So as the Strokes once said, the end has no end. Here’s to Bowie’s birthday, and hope all of you are well.

Requisite hype coda: bookNYC tour dates.

 

 


NYC Tour, Feb 2019

January 7, 2019

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Hello, happy new year. A quick promotional note, as some dates are finally cemented.

In mid-February there will be a multi-venue book launch in the New York City area for, surprise, Ashes to Ashes.

This will kick off with an appearance on Evan “Funk Davies’ show on WFMU, in sunny Jersey City, from 9 PM to midnight on Wednesday 20 February 2019. I’ll try to get him to play an excerpt of “Leon”; he’s going to ask me about Absolute Beginners, a movie that mystified him a bit.

Thursday 21 February 2019, at 7 PM: a conversation with Billy Hough at McNally Jackson, 52 Prince Street, NYC. Hough is a downtown cabaret star (Scream Along with Billy), film actor (RampartTime Out of Mind), and ex-punk rocker (the GarageDogs). He works at McNally Jackson where he curates the How Not To … conversation series. McNally Jackson was Bowie’s local book store and is a great place.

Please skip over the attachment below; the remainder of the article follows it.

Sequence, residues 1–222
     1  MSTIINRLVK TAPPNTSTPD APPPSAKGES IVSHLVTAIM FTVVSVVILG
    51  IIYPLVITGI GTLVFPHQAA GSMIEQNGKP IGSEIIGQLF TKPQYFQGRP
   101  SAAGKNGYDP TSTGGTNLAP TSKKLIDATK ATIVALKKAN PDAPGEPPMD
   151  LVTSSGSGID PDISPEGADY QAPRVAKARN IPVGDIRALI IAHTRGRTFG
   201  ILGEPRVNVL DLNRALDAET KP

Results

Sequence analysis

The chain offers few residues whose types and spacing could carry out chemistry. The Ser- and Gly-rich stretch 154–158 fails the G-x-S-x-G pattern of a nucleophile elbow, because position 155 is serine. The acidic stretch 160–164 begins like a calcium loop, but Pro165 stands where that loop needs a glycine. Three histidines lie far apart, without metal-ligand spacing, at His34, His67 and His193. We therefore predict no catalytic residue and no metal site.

and last, and certainly not least,

Monday 25 February 2019, again at 7 PM, at Rough Trade NYC, We once did a karaoke duet of “TVC 15.” Now Rob Sheffield and I will talk about Bowie! Rob is the author of On Bowie, Dreaming the Beatles, Love is a Mix Tape, Turn Around Bright Eyes, and Talking to Girls About Duran Duran.

If you’re in the area, I hope you can make it to something. I believe both events are free to the public, but if you want me to sign a book, you’ve got to get it there—that’s usually the deal.

Hopefully some UK information soon to come.


(Could It Really Be?) the Last Xmas

December 21, 2018

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Do They Know It’s Christmas? (Live Aid, 1985).
Bowie’s 2013 Xmas “Elvis” Message.
Peace on Earth/The Little Drummer Boy.
Peter and the Wolf.
The Snowman.
Feed the World.

This blog turns 10 years old next year. Those of you who have followed it for a while know that one of its (unintentional) traditions is a Christmas post in which I, the fool who runs the “Bowie song by song” site, say something like “well, it looks like X is going to be the last year for the blog. We’re almost done.”

And then something happens in the following year—new Bowie music, another slowdown in production, etc.—so that I appear at year’s end to say pretty much the same thing.